Attempts to reform the Public Employees' Retirement Association this legislative session have hit a ton of bricks called Democrats.
The Public Education and Business Coalition reported in a newsletter today that Senate President Brandon Shaffer, D-Longmont, told a group of school administrators that bills proposing to change PERA aren't going anywhere in the 2011 legislative session.
The advisory reported:
"All of these eventually will go away," Shaffer said, referring to three Republican-sponsored bills that would change the membership of the PERA board, start converting PERA to a defined-contribution plan and give school boards greater flexibility in setting employee and employer contribution rates.
The one exception, Shaffer said, will be Senate Bill 11-076, a Joint Budget Committee bill that would maintain current employer and employee contribution rates for state and higher education employees. Legislative leaders consider that measure essential to balancing the 2011-12 budget because it keeps government contributions lower than employee contributions. The measure was approved this morning by the Senate Appropriations Committee.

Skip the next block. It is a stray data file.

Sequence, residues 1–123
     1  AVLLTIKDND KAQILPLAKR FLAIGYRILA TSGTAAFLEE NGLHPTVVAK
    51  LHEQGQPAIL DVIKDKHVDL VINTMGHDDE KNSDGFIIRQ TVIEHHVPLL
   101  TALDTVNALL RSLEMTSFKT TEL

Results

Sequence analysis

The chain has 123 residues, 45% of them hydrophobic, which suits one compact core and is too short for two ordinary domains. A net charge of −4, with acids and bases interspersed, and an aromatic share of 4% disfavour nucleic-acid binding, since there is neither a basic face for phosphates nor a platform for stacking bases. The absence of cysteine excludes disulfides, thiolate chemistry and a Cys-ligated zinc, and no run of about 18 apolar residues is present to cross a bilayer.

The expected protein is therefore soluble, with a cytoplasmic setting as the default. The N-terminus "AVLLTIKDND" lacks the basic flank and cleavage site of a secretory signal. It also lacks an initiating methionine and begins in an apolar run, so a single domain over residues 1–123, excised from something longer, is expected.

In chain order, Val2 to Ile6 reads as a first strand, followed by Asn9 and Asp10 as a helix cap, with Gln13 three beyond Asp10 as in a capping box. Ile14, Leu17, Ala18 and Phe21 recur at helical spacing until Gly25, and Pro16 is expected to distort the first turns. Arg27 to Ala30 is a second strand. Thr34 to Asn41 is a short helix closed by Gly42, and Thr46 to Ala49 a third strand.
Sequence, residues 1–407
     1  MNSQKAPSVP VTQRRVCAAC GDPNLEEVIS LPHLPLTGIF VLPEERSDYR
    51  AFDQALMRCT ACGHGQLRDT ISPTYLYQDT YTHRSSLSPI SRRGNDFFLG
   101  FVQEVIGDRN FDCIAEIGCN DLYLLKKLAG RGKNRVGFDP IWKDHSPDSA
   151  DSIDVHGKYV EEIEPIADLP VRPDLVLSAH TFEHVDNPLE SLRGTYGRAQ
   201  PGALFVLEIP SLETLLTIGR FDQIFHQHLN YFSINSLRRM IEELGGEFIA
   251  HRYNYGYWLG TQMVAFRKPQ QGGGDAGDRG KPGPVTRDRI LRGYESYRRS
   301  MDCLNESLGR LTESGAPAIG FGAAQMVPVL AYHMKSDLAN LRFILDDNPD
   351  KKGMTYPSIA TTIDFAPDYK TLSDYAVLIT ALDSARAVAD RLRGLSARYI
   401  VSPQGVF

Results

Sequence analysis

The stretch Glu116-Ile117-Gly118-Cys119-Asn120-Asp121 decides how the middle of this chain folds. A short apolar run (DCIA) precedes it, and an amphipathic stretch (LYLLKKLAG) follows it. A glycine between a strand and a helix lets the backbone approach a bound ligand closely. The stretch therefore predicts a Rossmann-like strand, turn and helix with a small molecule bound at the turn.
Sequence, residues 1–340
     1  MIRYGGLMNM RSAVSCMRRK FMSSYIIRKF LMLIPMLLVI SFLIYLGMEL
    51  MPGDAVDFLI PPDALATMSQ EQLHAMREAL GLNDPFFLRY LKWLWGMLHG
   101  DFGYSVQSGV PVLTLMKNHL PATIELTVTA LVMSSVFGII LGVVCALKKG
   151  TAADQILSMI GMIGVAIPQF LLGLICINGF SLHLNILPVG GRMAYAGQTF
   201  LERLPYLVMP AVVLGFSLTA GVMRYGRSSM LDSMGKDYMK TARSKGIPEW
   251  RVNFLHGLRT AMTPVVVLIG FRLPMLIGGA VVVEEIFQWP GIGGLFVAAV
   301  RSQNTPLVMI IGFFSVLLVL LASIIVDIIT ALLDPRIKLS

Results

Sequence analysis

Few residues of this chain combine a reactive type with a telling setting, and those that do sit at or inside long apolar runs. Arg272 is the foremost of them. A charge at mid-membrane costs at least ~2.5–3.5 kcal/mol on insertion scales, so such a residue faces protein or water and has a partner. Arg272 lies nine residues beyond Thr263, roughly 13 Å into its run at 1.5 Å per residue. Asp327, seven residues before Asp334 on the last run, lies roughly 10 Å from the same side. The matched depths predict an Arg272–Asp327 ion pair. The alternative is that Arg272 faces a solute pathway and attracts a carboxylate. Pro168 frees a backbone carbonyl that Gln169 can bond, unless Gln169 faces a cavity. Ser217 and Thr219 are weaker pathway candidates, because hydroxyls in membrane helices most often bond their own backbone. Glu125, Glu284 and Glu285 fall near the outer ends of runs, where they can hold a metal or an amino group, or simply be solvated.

Shaffer spoke at the annual winter meeting of the Colorado Association of School Executives.
Republican lawmakers contend PERA is in deep trouble because it's made more promises than it can keep and its solvency relies on ever-growing contributions from public employers, i.e., taxpayers.
See the Indy's recent report here.
Sen. Kent Lambert also is carrying a bill that would allow Colorado Springs to change the ratio of employee-employer contributions to approach a 50/50 split, rather than today's split of 8 percent for employees and 13.7 percent for the city.
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